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  1. #1
    dwightpeck
    Firehouse.com Guest

    Question Standard Riding Assignments

    I am from a 1900 call per year, 4 engine/1 tower ladder, volunteer department in a mostly urban area. We are interested in developing a 'riding assignment' SOG, whereas your seat on the engine or truck has specific responsiblities and/or duties. For example, if you're in seat 4 on the truck, you know that on arrival at the fireground you will begin throwing ladders unless otherwise directed. Currently the officer makes assignments en route based on info from the call (we hear the actual 911 calls prior to dispatch through a live tie-line), who is on the truck, and info from scene sizeup. Inevitably, the FF's in back begin debating/choosing/asking for their assignments while en route- causing distraction for the driver and officer. We are looking to apply this, if feasible, to all of our response types, whether fire, rescue, or ems.
    Our station is staffed 'round the clock, and our average staffing on the initial alarm is 8- 4 on the engine, 4 on the truck. Automatic mutual aid brings an engine company staffed with 3 that has about a 3 minute response into our area. If not staffed on the initial alarm, our 3rd and 4th engines average 4 and 9 minutes respectively to get out the door.
    So after bearing with me through the preliminariy info, here is the question- how does your department handle riding assignments? Who grabs what tool/equipment unless otherwise told on arrival? Can anyone give me advice for our situation? (besides yelling at everyone on the truck to shut up for a minute so you can all think...) Thanks in advance for all replies.

    ------------------
    Capt. Dwight Peck
    Seminole Trail VFD


  2. #2
    Truck30
    Firehouse.com Guest

    Post

    For the last 18 years, our Dept. uses the system that is used in Prince George's County
    in Maryland. We picked it up while riding down there. It is brief and easy to learn. We have one for the Engine Co. and one for the Truck.

  3. #3
    SBrooks
    Firehouse.com Guest

    Post

    Seminole Trail I guess?
    A lot depends on how you run...do the tower and the engine both pull out at the same time? I'm going to assume that sometimes they do, some times they don't. I'll also assume that your extrications are performed by CARS.

    In PG County where I volunteer the assignments differ between stations but typically go something like this.
    Engine(3-4 ffs)
    1. Driver - Drives safely, pumps, est. water supply
    2. Officer - Leads hose team, carries hydra ram or halligan bar and radio, backs up lineman if only three on board.
    3. Lineman - (officer's side bucket seat) pulls attack line
    4. Layout man - (driver's side bucket seat) takes supply line finish to hydrant, rides to fire and backs up the lineman. Ensures line is flaked properly before entry.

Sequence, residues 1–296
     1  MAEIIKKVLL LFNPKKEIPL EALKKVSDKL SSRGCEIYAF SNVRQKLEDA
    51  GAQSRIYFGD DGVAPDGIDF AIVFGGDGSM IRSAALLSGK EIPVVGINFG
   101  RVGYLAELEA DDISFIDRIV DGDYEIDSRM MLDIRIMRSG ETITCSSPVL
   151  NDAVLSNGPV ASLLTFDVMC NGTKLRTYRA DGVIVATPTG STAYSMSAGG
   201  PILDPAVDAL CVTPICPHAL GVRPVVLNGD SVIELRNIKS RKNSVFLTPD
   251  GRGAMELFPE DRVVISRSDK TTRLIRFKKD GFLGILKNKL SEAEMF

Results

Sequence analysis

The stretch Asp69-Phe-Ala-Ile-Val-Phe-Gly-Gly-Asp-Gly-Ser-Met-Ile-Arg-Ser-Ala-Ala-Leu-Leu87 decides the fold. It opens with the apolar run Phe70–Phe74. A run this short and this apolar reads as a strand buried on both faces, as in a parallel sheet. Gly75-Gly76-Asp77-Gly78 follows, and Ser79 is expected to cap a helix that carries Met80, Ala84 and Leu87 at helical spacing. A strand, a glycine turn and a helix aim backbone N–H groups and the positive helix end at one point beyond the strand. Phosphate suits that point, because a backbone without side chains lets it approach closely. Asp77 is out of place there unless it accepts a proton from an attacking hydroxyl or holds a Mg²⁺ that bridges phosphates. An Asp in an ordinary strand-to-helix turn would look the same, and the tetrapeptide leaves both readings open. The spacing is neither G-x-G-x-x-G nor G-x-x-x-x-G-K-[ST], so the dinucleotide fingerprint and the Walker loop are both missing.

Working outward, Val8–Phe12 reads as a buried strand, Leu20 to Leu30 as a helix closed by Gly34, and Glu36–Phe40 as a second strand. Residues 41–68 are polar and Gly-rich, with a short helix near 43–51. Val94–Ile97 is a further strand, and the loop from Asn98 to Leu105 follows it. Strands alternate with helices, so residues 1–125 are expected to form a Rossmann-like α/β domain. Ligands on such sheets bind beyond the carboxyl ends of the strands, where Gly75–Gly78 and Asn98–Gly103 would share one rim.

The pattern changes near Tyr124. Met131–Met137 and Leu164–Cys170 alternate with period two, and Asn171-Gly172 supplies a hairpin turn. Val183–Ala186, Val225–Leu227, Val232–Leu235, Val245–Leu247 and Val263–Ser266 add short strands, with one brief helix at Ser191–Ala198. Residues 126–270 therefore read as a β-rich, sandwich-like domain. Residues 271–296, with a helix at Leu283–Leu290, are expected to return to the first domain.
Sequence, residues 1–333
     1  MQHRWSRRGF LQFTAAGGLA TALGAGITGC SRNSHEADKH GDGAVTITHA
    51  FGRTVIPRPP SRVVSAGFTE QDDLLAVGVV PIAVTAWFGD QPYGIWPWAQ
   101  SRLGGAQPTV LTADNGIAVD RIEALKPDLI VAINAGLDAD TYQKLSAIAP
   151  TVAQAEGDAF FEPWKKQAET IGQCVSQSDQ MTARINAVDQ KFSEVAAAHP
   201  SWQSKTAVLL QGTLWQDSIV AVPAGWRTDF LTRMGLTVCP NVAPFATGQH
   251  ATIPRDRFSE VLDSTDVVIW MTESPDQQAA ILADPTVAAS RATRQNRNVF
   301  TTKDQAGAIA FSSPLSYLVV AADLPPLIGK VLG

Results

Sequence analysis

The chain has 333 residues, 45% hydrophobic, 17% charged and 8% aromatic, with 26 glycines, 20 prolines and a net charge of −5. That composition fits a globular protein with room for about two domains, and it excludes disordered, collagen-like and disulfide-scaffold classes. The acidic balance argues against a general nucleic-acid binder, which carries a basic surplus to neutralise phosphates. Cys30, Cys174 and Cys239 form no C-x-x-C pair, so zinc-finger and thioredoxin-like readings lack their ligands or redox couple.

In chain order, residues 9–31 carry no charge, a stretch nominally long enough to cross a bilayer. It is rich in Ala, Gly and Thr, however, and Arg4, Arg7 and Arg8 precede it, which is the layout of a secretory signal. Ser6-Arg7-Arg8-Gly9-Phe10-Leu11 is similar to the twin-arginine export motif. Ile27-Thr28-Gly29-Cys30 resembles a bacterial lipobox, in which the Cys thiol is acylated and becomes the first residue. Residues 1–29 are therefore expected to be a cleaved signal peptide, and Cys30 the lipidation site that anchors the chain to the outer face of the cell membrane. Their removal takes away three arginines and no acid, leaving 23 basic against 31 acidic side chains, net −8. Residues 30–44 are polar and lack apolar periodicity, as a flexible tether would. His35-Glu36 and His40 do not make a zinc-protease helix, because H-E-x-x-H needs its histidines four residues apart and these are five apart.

In PG we drop 3" at the hydrant and the next arriving engine picks it up and pumps it. If you use a hydrant valve or leave the man at the hydrant, the layout man would stay there until the water supply is established.

    Engine (5+ firefighters)
    1. Driver
    2. Officer
    3. Lineman
    4. Backup man
    5. Layout man
    6. Bar man (halligan bar & hydraram)
    7-8. Extra. Recommend throwing ladders and insuring placement of first line, chasing kinks, passing hose at corners, etc.

    One concept that is sometimes hard to explain but easy to understand once you see it in action...the positions must be filled in order, and they correspond to seats...however, if the bells ring and i run to the engine and find that I am the fifth person, I'd probably sit in the 6th spot, b/c I'd rather run the bar than be the layout man. That being said, if someone else gets on after me, the seats are first come first serve. Now if we go down the road and there are only five of us, I know I have to layout before I can grab the bar.

    Truck

    1. Driver - Drives, sets up aerial and/or throws ground ladders, operates turntable, assists on roof, controls utilities, sets up lights and fans, helps overhaul
    2. Officer - Leads search team. Takes radio and either a hook or a bar. If you have a TIC, he'd carry it.
    3. Tip operator (for us, tillerman) - sets up aerial with driver or throws ladder, rides bucket to roof, performs ventilation, throws ladders, helps overhaul.
    4. Ironsman - carries bar, axe, and hydraram performs search with officer.
    5&6. - Forms team and throws groundladders- if only one, works with driver
    7. Hook and Can - carries a hook and a pw can, searches with officer.
    8. Roofman - works with tip operator.

    (actually, usually positions 5&6 and 7 are switched, but if you always run with your engine, ground ladders are much more important than carrying a can behind a hose line.)

    Again, seats are first come first serve while in the station, but when you go down the road, they have to be filled in order.

    For non structure fire calls, you make up sops:
    Car Fires:
    Driver: position apparatus, ensure line is flaked, charge line, set up road flares.
    Officer: size up & commmand, watch for safe operations, ensures vehicle in park, etc
    Line: Pulls attack line